The Right Perspective is Everything
I Enjoy My Senior Years By Helping Others
At the age of forty, job related stress brought on my first episode of major depression. Since 1980, I had been diagnosed with bipolar 1 and have had seven breakdowns requiring electro-convulsive therapy.
My last event was four years ago, and today I am in full recovery, not cured, but able to fully function. I attend support group meetings at NAMI and Recovery International. I believe my acquired coping skills and new positive attitude allows me to not dwell on the past, which is subject to interpretation, nor the future, which is unknown, and to focus on the present.
For thirty years, I was able to work on Wall Street. I've been married 51 years, have two grown children and four grandchildren, despite my recurrent illness. Bipolar has made me sensitive to the plight of others, more understanding and appreciative of the people in my life.
When I am well, I think back to the darkest days of my life, and when I am ill, I remember how I overcame the nightmare that is mental illness seven times. If my dark days return, I know that with treatment I can survive.
My recovery has been reinforced by my advocacy efforts. As a member of JAC NYC (Jails Action Coalition), I fight to end solitary confinement, especially for those with mental illness, and I am active with RIPPD (Rights for Imprisoned People With Psychiatric Disabilities), which fights for Community Crisis Intervention Teams.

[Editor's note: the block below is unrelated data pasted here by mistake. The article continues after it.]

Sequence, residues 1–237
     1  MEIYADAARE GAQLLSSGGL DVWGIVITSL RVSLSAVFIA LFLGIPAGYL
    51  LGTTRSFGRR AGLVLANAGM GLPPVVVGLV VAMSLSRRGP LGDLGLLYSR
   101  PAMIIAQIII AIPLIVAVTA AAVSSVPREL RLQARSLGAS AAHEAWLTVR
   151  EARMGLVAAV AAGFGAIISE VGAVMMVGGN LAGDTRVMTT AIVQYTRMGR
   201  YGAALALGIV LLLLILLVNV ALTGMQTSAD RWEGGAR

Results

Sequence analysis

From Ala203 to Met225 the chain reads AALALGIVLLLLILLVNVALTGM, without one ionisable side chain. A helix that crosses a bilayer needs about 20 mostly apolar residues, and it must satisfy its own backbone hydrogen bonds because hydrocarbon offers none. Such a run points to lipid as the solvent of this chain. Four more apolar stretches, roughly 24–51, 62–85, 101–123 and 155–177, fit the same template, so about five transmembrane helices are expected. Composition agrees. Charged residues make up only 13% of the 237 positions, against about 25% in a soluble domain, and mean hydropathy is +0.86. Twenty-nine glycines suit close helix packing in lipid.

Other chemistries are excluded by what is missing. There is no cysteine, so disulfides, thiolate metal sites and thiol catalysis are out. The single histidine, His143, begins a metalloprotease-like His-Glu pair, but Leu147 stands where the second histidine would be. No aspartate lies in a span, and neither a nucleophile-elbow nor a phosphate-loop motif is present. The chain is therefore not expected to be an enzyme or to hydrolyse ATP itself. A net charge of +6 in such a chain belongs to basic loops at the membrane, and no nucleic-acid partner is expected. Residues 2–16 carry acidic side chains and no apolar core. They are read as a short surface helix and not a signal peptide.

In 1990, after 30 years of employment at a major firm, I was downsized and told that my position was being eliminated due to the recession in the economy. When I responded that I had seniority and they were keeping younger people on the job with less seniority than I, they said seniority only applies to union workers. So much for loyalty in the capitalistic system. I sued under the Employment Disability Laws and was eventually given long term disability and Social Security Disability.
Not working was a shock for me. Having a schedule each day, putting on a nice suit, white shirt and tie, working alongside fellow workers, engaging them in conversation about sports, current events , their children involved in Little League baseball, was no longer available. I had to find other dreams and outlets that provided me with involvement.
I am now a speaker for MHA and last month I made a presentation at Bellevue for consumers such as myself. My biggest happiness is seeing other consumers who have struggled to cope with their new life eventually helping others in the support groups I attend. They help, not with advice, but by relating how under similar circumstances they found out that "eventually every problem has a solution."